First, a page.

The aircraft carrier is housing eight squadrons, featuring Boeing F/A-18 E/F Super Hornets, Boeing EA-18G Growlers, Sikorsky SH-60 Seahawks, Grumman C-2 Greyhounds and Northrop Grumman E-2D Advanced Hawkeyes.

Speaking about the deployment in a statement, Carrier Strike Group 12 Commander Rear Adm. Gregory Huffman said it’s “an opportunity to push the ball further down the field and demonstrate the advantage that Ford and Carrier Air Wing (CVW) 8 bring to the future of naval aviation, to the region and to our allies and partners.”

USS Gerald R. Ford (CVN-78) at sea
The USS Gerald R. Ford (CVN-78) participating in a simulated straits transit with the Gerald R. Ford Carrier Strike Group (GRFCSG) in the Atlantic Ocean, October 2022. (Photo Credit: Petty Officer 2nd Class Jackson Adkins / DVIDS / Public Domain)

During the deployment, the GRFCSG will operate maritime, ground and air assets from the involved NATO member nations and partners, to strengthen defense efforts and deterrence, as well as improve effectiveness and interoperability.

“USS Gerald R. Ford is going to sail on the high seas with our partners,” said Commanding Officer Capt. Paul Lanzilotta in the same statement. “We want interoperability, we want interchangeability with our partners. Our NATO partners that are sailing with us – we’re going to work with them every day, every night. That’s what it means to operate on the high seas.

“Air defense exercises. Long-range maritime strike. We’re going to do pretty much every mission set that’s in the portfolio for naval aviation, and we’re excited about that.”

Superstructure of the USS Gerald R. Ford (CVN-78) at night
Superstructure of the USS Gerald R. Ford (CVN-78) as the aircraft carrier transits the Atlantic Ocean at night, December 2017. (Photo Credit: Mass Communication Specialist 1st Class Joshua Sheppard, USN / Wikimedia Commons / Public Domain)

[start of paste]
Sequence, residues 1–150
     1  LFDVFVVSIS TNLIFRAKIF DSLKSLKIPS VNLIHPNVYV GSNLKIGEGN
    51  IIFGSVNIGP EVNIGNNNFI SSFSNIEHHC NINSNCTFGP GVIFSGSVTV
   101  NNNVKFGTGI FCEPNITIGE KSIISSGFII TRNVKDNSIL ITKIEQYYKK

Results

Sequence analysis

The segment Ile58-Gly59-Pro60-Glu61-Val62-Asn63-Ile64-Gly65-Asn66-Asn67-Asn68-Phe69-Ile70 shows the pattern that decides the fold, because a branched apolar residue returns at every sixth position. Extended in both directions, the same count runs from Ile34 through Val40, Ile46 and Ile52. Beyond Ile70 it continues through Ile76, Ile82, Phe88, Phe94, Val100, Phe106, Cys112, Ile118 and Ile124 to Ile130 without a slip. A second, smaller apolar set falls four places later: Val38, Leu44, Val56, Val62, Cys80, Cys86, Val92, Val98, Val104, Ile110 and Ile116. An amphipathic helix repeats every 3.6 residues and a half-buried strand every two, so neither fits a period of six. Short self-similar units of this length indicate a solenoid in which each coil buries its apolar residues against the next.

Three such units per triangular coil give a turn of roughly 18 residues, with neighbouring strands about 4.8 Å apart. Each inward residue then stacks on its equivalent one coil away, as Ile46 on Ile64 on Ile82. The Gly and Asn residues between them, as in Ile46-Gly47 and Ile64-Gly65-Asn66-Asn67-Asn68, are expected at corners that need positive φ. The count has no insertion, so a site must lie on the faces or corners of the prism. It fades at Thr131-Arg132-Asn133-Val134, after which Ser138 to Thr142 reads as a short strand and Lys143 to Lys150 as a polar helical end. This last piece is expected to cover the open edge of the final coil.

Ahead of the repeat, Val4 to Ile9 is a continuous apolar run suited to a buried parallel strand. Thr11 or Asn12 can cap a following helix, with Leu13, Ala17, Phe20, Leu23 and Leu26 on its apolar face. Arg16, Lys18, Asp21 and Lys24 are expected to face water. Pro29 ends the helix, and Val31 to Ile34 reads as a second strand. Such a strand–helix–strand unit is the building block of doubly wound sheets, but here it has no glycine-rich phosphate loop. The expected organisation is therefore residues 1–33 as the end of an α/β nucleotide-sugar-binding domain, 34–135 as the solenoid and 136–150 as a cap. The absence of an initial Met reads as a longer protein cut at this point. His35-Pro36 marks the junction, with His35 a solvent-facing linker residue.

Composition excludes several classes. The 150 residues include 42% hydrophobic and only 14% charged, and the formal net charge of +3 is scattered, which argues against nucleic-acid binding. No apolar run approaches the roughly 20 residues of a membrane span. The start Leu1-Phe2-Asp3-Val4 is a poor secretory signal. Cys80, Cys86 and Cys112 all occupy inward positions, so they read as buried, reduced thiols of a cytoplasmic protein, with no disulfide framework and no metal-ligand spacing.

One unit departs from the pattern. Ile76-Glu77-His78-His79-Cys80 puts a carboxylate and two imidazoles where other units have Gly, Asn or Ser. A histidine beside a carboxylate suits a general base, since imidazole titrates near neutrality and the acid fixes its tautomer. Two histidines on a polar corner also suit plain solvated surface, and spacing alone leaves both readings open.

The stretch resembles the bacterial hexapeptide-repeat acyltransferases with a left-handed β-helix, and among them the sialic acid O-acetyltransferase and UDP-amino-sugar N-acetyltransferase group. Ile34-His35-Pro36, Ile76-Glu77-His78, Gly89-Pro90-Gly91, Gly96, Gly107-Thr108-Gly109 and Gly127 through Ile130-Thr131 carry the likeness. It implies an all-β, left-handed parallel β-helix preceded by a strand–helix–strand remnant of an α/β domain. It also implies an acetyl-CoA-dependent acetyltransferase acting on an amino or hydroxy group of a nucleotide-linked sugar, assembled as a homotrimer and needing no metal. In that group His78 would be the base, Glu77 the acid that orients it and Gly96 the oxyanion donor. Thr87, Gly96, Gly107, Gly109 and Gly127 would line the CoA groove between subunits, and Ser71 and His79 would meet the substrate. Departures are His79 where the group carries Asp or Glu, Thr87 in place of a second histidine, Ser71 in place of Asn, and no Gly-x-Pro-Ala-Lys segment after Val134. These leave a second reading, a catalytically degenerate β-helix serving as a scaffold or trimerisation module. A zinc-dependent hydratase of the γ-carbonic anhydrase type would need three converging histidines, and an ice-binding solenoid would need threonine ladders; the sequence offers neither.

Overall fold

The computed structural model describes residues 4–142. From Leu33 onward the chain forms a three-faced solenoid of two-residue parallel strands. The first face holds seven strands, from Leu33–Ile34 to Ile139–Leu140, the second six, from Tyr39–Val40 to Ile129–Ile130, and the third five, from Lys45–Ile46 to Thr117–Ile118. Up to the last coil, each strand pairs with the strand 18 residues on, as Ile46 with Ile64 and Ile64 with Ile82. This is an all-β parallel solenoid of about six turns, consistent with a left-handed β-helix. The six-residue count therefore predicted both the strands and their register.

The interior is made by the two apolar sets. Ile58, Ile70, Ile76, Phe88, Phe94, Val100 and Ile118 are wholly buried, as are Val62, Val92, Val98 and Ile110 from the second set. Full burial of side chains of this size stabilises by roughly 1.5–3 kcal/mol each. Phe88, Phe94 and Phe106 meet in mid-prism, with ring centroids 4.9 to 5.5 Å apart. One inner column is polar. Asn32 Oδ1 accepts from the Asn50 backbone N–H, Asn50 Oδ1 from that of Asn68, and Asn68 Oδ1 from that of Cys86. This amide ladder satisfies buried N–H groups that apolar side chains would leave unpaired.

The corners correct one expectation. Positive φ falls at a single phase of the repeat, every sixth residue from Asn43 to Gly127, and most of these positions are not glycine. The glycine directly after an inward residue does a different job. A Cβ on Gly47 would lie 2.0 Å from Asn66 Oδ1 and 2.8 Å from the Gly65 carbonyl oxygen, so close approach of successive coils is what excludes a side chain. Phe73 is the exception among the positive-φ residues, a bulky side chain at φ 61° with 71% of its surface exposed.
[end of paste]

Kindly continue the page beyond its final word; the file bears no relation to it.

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The GRFCSG includes the USS Ramage (DDG-61), Normandy (CG-60), Thomas Hudner (DDG-116) and McFaul (DDG-74); the USCGC Hamilton (WMSL-753); the USNS Robert E. Peary (T-AKE-5) and Joshua Humphreys (T-AO-188); Destroyer Squadron (DESRON) 2; Carrier Strike Group (CSG) 12; and Carrier Air Wing (CVW) 8.

Clare Fitzgerald

Clare Fitzgerald is a Writer and Editor with eight years of experience in the online content sphere. Graduating with a Bachelor of Arts from King’s University College at Western University, her portfolio includes coverage of digital media, current affairs, history and true crime.

Among her accomplishments are being the Founder of the true crime blog, Stories of the Unsolved, which garners between 400,000 and 500,000 views annually, and a contributor for John Lordan’s Seriously Mysterious podcast. Prior to its hiatus, she also served as the Head of Content for UK YouTube publication, TenEighty Magazine.

In her spare time, Clare likes to play Pokemon GO and re-watch Heartland over and over (and over) again. She’ll also rave about her three Maltese dogs whenever she gets the chance.